Remembering Preston's rugby players who died in the First World War
This year marks the 150th anniversary of the founding of Preston Grasshoppers Rugby Club to mark Remembrance Day Mike Forshaw recalls the club’s players who were killed during the First World War
Lt Keith Haydon Moore of the 4th Bn Loyal North Lancashire Regiment was wounded twice before being killed in action near Albert, in France.
The 24-year-old was the only son of Mr W L Moore and a junior partner in the family firm of Messrs W L Moore and Son, chartered accountants of Southport and Preston.
Educated at Preston Grammar School, prior to the war he was in charge of the office in Hoghton Street, Southport, and was editor of the school’s Old Boys’ magazine.
As a member of Preston Grasshoppers FC he was well known in rugby football circles and played at half back.
He joined the Preston Territorials before the outbreak of war and was injured in a bayonet charge at Festubert on June 15, 1915, when he suffered a bullet wound to his wrist.
Moore returned to Lancashire to recuperate at Weeton Barracks and on returning to fitness went back to the front in September 1915.
Capt John Laurence Whitfield, of the 4th Loyal North Lancashire Regiment, of North Holme, Chorley died from wounds received in action.
He was formerly secretary and captain of Preston Grasshoppers Rugby Football Club and a member of Preston Cricket Club.
Whitfield, who was a and a solicitor from Preston, died at the Stationary Hospital, in Boulogne, on June 23, 1915.
Lt Harold H Smith, son of Mr B S Smith of Haseldene, Wilpshire, Blackburn, was killed in action.
He enlisted as a private in the 11th Hussars shortly after the war broke out and received a commission in the Royal Field Artillery.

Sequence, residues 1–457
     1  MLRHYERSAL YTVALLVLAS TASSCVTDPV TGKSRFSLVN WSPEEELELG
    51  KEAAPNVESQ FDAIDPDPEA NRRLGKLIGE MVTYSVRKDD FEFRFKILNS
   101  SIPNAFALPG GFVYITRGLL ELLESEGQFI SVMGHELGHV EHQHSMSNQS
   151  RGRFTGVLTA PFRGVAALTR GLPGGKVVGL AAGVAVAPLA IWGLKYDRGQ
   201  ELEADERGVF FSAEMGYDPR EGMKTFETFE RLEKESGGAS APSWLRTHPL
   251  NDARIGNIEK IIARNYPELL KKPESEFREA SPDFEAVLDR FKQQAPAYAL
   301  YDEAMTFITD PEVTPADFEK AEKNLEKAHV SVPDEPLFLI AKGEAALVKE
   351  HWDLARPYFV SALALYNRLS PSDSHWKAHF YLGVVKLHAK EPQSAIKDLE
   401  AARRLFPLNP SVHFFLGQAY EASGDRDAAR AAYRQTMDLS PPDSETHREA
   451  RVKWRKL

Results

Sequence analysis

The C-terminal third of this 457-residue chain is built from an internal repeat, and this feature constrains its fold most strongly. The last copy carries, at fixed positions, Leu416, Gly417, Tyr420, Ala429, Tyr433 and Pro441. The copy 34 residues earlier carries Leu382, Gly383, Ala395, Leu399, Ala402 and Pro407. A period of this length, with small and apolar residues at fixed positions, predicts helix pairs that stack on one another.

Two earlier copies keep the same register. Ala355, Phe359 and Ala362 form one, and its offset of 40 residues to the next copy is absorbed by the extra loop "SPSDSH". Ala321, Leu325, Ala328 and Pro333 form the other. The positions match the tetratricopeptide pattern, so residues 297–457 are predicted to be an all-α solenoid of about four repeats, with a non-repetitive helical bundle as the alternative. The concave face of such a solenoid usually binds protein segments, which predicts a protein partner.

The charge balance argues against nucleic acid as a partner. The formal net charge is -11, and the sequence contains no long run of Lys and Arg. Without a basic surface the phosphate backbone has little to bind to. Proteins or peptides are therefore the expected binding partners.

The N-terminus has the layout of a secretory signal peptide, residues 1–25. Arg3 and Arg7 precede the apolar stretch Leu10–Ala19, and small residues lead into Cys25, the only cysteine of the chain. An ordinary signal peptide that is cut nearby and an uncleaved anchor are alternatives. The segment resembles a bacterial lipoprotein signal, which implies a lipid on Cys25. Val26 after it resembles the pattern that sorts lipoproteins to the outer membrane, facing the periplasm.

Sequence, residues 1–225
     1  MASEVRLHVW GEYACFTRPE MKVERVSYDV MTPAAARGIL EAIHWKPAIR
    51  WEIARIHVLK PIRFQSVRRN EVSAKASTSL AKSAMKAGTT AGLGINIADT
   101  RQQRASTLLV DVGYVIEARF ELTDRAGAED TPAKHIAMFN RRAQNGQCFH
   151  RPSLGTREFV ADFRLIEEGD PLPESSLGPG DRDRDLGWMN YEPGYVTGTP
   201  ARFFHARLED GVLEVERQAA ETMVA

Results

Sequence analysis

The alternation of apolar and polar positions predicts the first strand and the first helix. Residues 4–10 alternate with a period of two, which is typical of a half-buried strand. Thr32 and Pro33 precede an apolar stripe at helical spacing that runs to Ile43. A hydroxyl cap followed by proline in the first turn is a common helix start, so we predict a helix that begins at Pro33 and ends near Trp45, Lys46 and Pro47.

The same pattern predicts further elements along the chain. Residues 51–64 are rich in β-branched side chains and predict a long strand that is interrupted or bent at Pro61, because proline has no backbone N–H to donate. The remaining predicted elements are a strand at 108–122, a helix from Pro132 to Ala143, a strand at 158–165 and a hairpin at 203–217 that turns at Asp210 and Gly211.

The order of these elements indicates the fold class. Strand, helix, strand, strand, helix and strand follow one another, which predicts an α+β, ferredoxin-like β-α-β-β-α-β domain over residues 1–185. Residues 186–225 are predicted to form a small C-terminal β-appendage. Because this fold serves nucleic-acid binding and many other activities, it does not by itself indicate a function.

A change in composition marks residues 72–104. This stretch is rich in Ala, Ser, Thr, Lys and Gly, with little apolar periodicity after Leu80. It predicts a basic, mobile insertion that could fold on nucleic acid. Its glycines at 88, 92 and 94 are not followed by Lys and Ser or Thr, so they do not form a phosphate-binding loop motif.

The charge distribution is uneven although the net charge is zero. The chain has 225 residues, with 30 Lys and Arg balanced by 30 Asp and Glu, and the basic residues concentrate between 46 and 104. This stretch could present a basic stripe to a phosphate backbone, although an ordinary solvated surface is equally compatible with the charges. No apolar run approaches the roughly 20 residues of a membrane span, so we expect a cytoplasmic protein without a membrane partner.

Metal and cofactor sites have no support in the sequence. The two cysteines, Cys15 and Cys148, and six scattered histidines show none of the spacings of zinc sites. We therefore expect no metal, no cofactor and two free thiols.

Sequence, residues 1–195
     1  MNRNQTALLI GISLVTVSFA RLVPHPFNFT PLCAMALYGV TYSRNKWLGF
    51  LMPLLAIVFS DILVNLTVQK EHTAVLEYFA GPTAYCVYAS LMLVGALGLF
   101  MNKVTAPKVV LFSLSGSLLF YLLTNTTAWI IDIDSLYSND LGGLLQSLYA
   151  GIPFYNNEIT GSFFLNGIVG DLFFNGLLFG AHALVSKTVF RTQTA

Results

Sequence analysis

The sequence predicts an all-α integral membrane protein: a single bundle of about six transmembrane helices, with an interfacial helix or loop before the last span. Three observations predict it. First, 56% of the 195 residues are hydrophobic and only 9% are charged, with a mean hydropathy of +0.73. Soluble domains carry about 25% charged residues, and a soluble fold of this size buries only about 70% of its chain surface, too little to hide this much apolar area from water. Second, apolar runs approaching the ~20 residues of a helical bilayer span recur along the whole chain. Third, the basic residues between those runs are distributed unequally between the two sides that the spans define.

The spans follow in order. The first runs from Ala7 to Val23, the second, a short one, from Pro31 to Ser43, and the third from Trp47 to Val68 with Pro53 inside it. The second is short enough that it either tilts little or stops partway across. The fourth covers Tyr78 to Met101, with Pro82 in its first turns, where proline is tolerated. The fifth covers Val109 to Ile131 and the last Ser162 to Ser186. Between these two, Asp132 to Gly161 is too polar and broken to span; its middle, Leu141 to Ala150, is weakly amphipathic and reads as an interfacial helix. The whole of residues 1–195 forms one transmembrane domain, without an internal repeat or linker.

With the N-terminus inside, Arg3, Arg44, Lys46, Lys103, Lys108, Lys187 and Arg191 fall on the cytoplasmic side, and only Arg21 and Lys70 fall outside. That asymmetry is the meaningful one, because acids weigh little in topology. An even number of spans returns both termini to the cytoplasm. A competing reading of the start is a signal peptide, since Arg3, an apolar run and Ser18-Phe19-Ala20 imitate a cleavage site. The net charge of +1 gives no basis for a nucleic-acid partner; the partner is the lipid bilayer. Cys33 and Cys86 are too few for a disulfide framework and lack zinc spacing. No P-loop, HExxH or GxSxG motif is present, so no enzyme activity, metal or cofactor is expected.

At the time of his death the 24-year-old was attached to the Royal Engineers in charge of a trench mortar and had only been in France for three weeks.
Educated at Mill Hill College, in London, before the war he worked alongside his father for Messrs Smith and Co print merchants, in Church, and played for Preston Grasshoppers. He was also a keen golfer.
His brother Lt Tennant Smith served with the 4th Bn, East Lancashire Regiment, while a second brother Pte Kenneth Smith was in the New Zealand force.
Capt Arthur Lea Harris, of the Loyal North Lancashire Regiment, was killed in action in Ypres on July 31, 1917. Capt Harris was the only son of the Rev S F Harris, for many years the vicar of Walton-le-Dale.
Educated at Marlborough, he became a solicitor in December 1909 and was a partner in the firm of Houghton, Myers and Reverley Preston in 1911.
He joined the Loyals at the outbreak of the war and served in France from April 1915 to November 1915 before returning home for an operation for a cartilage problem in his knee. After a period of recuperation he returned to the front in February 1917.
He had been married for five years to Margaret and had daughter Mary.
Capt Harris was for some time the secretary to the Preston Grasshoppers and was also a keen actor, tennis player and prime mover in Preston Boy Scouts.
Second Lt Herbert Samuel Penny Blair, of the 2nd Bn, Duke of Cornwall’s Light Infantry, was wounded in the right hand and knee in action in Salonica and conveyed to Cottonera Hospital, Malta, where he died from his injuries on October 31, 1916.
Prior to the war he was educated at Cambridge and worked for Messrs Daniel Penny and Son, in Preston. He was one of the first men to sign up for the Public Schools Battalion, Royal Fusiliers, and entered the Army through Sandhurst before heading out to the front in October 1915.
Keenly interested in sport, the 27-year-old was a well-known member of Preston Grasshoppers’ Rugby FC and the Preston Cricket and Lawn Tennis Club.
He was buried in Pieta Military Cemetery.